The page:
The use of antibiotics in agriculture in Asia will increase more than double by 2030 given current trends, according to a new report from investor network FAIRR. This increased use of antibiotics in agriculture could have potentially damaging effects on antibiotic resistance the world over.
Today, half of all the world’s antibiotics are consumed in China alone. Antibiotic use in farm animals in Asia is only expected to increase over the next decade, with a 129 percent increase in use with chicken and a 124 percent increase in use with hogs by 2030.
The rise of the antibiotic resistant mcr-1 gene has been linked to Chinese hog farms, where the resistant bacteria first emerged nearly two years ago. This gene has led to bacterial resistance to modern medicine’s “last resort” antibiotic and thus contributed to untreatable bacterial infections in both animals and humans.
The World Health Organization has declared the rise of these antibiotic-resistant bacteria to be one of “the biggest threats to global health today.”
The report, entitled “Asian Factory Farming Report,” also shows that the industry has contributed to an increased threat of the spread of avian flu. The latest strain to take hold in China, H7N9, has proven even more deadly than previous strains and has already killed 84 percent more people in four years than H5N1, which first came to public attention in 2006.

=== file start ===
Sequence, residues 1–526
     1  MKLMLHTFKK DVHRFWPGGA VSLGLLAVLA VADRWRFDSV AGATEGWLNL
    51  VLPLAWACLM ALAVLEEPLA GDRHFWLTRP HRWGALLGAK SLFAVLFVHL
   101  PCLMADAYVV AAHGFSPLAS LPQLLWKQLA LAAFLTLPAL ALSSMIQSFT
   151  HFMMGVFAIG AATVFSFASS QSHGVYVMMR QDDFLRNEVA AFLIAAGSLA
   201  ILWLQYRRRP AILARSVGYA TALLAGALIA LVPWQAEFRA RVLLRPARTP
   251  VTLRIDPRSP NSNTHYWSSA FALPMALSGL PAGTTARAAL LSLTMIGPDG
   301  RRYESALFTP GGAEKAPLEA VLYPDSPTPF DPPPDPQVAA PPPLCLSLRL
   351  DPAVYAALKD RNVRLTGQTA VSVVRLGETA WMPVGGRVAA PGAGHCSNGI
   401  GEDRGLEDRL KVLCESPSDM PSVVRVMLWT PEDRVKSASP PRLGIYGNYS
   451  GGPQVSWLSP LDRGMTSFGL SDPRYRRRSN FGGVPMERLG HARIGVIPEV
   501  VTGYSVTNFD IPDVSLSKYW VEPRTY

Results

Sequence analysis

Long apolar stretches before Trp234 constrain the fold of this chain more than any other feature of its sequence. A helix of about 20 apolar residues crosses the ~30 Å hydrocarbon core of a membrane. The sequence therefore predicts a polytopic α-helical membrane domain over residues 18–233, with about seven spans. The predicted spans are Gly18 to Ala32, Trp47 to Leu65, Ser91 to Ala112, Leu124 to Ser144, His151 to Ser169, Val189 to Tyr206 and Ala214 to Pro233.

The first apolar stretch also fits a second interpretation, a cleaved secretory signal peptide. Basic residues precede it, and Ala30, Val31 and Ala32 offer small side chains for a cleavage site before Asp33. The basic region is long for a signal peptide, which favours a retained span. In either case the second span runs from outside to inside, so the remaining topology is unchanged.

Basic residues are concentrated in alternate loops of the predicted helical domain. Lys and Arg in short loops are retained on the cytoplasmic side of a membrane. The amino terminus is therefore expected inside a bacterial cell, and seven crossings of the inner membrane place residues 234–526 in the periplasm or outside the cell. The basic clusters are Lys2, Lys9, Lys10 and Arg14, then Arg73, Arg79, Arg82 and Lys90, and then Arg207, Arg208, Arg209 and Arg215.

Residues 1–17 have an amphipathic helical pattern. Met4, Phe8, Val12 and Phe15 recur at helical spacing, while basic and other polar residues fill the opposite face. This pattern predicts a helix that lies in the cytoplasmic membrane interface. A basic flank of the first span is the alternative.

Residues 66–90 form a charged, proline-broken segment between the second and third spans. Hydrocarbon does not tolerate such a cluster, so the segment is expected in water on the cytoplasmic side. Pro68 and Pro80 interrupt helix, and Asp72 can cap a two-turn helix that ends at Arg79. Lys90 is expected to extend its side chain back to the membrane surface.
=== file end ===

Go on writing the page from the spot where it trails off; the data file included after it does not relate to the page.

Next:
While around the world, experts are recommending that people reduce their meat consumption in order to lessen our impact on climate change, the report projects a 19 percent growth in Asian meat demand by 2025. The report also notes that China’s demand for animal feed is responsible for 35 percent of Brazil’s soybean production, driving deforestation in the country and contributing to increased carbon emissions.
“Growth is driven by a boom in factory farming that creates problems like emissions and epidemics, abuse of antibiotics and abuse of labor,” Jeremy Coller, of Coller Capital, told The Guardian. “Investors must improve the management of sustainability issues in the Asian meat and dairy industries if they want to avoid a nasty bout of financial food poisoning.”
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